Trekking off course not only increases the chances of getting lost or injured, but it also promotes erosion. The staff marks trails with clear signage, and it’s essential to stick to them. That’s for the well-being of both visitors and wildlife. 

Keep Your Distance From Wildlife

Spotting the wildlife around Yosemite is one of the perks of the park. But it’s crucial to keep a safe distance. Never approach or feed wild animals.

Animal attacks are rare but do happen. It’s usually because humans don’t respect the animal’s space, which makes them feel threatened. 

Remember that all animals are unpredictable. If an animal approaches you, you must back away and give the animal room. The exception to this rule is with bears. If you encounter one, you should immediately attempt to scare it away. 

Choose Swimming Areas Wisely

Snowmelt in spring and summer causes surprisingly powerful currents, especially in the Merced River. The NPS suggests only swimming during times of low water flow. Never swim or wade upstream of a waterfall and avoid whitewater areas.

Temperatures are typically low, so there’s a risk of hypothermia. But if you choose to cross a river without a bridge, carefully consider each step you take and where you might land if you fall. And avoid rock hopping, as rocks in the water tend to be incredibly slippery. 

Avoid Areas with Rockfalls

Deaths from rockfalls are rare but unavoidable in places like Yosemite. While the park closely monitors all rockfall activity in the area, it’s impossible to predict where one might occur unless it’s already an area of loose sediment.

But you can still protect yourself by avoiding areas directly under steep cliffs and paying attention to any relevant signage. If you see any falling rocks, assume there are more on the way. 

Store Food Properly

Proper food storage is crucial in Yosemite, home to hundreds of American black bears. These creatures are intelligent, curious, and always looking for their next meal. When they have access to human foods, they often lose their fear of humans. Bears that are bold enough to approach people often have to be euthanized.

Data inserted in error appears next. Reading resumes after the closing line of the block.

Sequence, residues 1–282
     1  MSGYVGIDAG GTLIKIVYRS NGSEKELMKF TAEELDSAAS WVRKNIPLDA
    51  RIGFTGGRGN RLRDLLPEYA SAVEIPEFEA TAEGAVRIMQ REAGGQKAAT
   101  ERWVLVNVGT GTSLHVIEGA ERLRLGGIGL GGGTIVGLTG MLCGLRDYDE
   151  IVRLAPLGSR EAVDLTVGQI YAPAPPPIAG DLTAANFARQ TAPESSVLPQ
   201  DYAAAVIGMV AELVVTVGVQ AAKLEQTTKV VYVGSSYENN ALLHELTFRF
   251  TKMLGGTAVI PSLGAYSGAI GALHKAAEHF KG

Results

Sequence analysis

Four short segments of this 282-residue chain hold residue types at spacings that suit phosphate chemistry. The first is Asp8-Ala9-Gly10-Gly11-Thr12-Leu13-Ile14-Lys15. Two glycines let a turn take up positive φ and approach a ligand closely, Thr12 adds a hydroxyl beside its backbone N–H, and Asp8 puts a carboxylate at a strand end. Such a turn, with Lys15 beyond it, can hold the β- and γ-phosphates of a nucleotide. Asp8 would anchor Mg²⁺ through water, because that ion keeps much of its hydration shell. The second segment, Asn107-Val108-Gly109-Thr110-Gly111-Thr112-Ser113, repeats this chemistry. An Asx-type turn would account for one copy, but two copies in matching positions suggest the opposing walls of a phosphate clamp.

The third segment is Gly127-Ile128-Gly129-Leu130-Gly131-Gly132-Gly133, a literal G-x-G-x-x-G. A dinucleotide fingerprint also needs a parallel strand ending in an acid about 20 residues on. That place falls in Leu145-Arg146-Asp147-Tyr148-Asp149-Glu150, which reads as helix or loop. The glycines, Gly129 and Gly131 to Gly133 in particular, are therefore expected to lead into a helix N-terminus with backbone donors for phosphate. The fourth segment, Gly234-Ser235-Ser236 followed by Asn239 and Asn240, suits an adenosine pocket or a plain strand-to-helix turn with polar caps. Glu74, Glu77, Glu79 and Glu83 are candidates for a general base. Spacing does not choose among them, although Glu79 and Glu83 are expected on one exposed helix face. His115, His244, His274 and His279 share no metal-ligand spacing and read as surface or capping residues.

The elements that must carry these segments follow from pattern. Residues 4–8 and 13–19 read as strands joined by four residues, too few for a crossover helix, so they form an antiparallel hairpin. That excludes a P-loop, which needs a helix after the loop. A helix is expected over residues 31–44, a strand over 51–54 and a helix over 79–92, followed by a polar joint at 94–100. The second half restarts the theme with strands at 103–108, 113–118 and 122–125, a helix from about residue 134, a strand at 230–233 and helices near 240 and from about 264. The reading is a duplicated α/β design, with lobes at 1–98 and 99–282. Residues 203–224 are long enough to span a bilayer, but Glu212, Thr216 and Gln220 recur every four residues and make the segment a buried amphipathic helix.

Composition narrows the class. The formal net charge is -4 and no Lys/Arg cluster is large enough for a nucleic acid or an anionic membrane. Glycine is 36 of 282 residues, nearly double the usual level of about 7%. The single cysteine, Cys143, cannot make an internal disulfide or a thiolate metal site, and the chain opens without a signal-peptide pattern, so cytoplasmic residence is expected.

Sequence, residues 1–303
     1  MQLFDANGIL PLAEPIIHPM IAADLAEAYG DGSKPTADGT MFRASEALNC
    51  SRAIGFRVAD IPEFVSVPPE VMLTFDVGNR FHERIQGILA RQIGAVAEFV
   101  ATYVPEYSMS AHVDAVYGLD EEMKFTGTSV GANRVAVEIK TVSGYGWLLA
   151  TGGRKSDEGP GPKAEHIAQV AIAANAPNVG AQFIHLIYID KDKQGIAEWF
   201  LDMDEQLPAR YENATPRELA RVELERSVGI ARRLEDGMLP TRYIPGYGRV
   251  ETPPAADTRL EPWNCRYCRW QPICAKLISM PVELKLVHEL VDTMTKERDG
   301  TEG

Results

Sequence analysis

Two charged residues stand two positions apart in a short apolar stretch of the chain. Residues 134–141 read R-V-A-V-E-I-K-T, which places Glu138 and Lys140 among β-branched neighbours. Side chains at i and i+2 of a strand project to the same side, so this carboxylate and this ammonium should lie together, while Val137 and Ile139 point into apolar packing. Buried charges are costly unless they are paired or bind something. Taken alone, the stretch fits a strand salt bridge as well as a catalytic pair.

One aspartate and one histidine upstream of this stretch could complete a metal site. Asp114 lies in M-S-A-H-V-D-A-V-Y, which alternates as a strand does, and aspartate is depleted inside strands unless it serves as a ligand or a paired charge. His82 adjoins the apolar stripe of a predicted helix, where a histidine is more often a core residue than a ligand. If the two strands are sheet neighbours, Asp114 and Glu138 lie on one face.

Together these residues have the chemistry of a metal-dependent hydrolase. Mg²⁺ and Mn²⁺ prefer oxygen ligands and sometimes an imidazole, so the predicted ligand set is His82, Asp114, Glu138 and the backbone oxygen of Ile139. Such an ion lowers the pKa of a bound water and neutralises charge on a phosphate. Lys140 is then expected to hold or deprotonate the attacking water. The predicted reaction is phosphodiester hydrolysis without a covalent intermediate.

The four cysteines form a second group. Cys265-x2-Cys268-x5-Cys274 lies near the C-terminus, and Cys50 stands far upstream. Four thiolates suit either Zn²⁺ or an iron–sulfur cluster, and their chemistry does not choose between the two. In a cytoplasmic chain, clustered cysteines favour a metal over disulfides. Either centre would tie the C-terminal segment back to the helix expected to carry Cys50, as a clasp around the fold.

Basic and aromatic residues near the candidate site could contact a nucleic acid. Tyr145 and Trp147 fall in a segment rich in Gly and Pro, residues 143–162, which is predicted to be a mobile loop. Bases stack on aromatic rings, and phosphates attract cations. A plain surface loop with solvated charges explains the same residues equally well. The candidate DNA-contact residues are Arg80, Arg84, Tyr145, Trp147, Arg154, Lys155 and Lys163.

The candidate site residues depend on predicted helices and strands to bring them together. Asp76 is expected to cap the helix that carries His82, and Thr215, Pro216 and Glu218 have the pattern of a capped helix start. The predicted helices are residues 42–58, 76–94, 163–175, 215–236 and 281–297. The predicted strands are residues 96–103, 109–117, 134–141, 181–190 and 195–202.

Food lockers are available– and required– at every campsite and housing area in the park. You can leave food out of sight in a locked car with the windows up, but only during the day. If you’re in a cabin or hotel room, lock the doors and windows. 

It isn’t just “food” that you need to secure appropriately. You need to lock away all canned goods, sealed drinks, trash, cosmetics, and toiletries, so bears don’t sniff them out. 

Pro Tip: No RV? No problem! We uncovered Can You Car Camp At Yosemite National Park?

Is Visiting Yosemite National Park Worth the Risk?

All good adventures come with an element of risk. It’s important to remember that the everyday safeguards we take for granted aren’t in the wild. As a park visitor, you’re responsible for your safety. So learn what you need to do to prepare before you hit the road.

Still, the actual risk of death in Yosemite is minimal. Most that occur in the park are a result of human error. So, as long as you follow the safety guidelines, there’s no reason to miss out on one of the most beautiful destinations in North America.